Press Release

January 28, 2011
Recovery Act Award to Baltimore development is creating green jobs, reducing energy costs

WASHINGTON – U.S. Senator Benjamin L. Cardin (D-MD)  (D-MD) today joined   U.S. Housing and Urban Development (HUD) Secretary Shaun Donovan, Congressman Elijah Cummings (MD-7 ) and Baltimore Mayor Stephanie Rawlings-Blake visited Poppleton Phase II Apartments to highlight how the development is promoting energy efficient innovation and creating jobs in Baltimore, MD, supporting President Barack Obama’s goal of helping America “Win the Future.”

Senator Cardin toured the 86-unit apartment complex that received $1.56 million from the American Recovery and Reinvestment Act’s (ARRA) Assisted Housing Green Retrofit Program. The Green Retrofit Program is providing funding for the installation of high-efficiency heat pumps for heating and cooling, new high-efficiency windows, a EnergyStar cool roof with added insulation, low-flow toilets, shower heads and faucets, and EnergyStar gas water heaters, refrigerators and bathroom exhaust fans for dozens of low and moderate income families. When the project is complete at the end of this year, 180 jobs will have been created for Baltimore-area residents directly from the project’s funding. Additionally, many more clean-energy jobs will be created through the University of Maryland’s BioPark, a new $300 million biotech campus that is situated near the Poppleton Phase II Apartments. 

“The Poppleton project will provide low-income families with energy-saving housing that will help them reduce their energy costs,” said Senator Cardin. “Paid for with Recovery funds, this project is a win-win, creating jobs while providing families with affordable, energy-saving housing.”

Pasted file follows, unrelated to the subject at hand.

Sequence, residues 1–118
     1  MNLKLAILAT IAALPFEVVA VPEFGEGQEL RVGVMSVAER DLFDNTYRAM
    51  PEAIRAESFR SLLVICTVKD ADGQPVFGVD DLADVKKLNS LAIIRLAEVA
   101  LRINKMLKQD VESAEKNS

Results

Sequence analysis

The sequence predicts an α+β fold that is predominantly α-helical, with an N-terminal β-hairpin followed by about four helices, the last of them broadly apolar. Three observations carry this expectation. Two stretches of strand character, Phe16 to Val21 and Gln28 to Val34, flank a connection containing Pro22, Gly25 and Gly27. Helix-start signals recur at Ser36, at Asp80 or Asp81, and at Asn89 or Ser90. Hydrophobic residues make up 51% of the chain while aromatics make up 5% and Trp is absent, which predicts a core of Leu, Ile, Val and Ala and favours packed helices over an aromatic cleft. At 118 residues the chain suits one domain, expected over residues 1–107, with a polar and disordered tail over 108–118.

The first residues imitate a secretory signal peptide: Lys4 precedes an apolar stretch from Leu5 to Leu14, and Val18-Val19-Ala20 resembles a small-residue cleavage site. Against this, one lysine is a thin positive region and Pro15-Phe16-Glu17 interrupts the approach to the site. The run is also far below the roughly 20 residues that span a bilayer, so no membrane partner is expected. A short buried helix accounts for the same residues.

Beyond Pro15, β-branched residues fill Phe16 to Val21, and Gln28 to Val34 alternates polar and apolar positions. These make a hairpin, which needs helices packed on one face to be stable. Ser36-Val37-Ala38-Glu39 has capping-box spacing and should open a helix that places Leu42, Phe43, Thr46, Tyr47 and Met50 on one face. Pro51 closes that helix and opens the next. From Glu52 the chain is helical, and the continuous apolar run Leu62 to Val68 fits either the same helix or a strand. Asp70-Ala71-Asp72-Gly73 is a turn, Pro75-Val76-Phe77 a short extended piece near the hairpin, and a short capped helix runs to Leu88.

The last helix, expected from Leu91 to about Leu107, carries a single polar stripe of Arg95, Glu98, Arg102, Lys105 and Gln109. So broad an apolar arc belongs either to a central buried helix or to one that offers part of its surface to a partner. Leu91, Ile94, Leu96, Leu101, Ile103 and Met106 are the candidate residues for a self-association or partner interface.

“The Poppleton Phase II Apartments is a reminder of the targeted investments that President Obama spoke about during his State of the Union speech this week,” said Secretary Donovan. “This development represents the type of innovation we need, by bringing clean energy investments to the homes of many low-and-moderate income Americans who will be able to save hundreds of dollars on their utility bills for many years to come I am delighted to have visited the development today to see an example of how communities across America are renewing their commitment to securing prosperity for ourselves and future generations of Americans.”

As part of the Recovery Act, the Green Retrofit Program provided $250 million nationally to reduce energy costs, cut water consumption, and improve indoor air quality. The program is designed to create thousands of green jobs across the country as workers retrofit older federally assisted multi-family apartment developments with the next generation of energy efficient and green building technologies.  These Recovery Act funds also produce other environmental benefits by encouraging the use of recycled building materials, reflective roofing, and non-toxic products to reduce potentially harmful ‘off-gassing’ of harmful fumes. Funds were awarded to owners of HUD-assisted housing projects and can be used for a wide range of retrofit activities, ranging from windows/doors to solar panels and geothermal installation.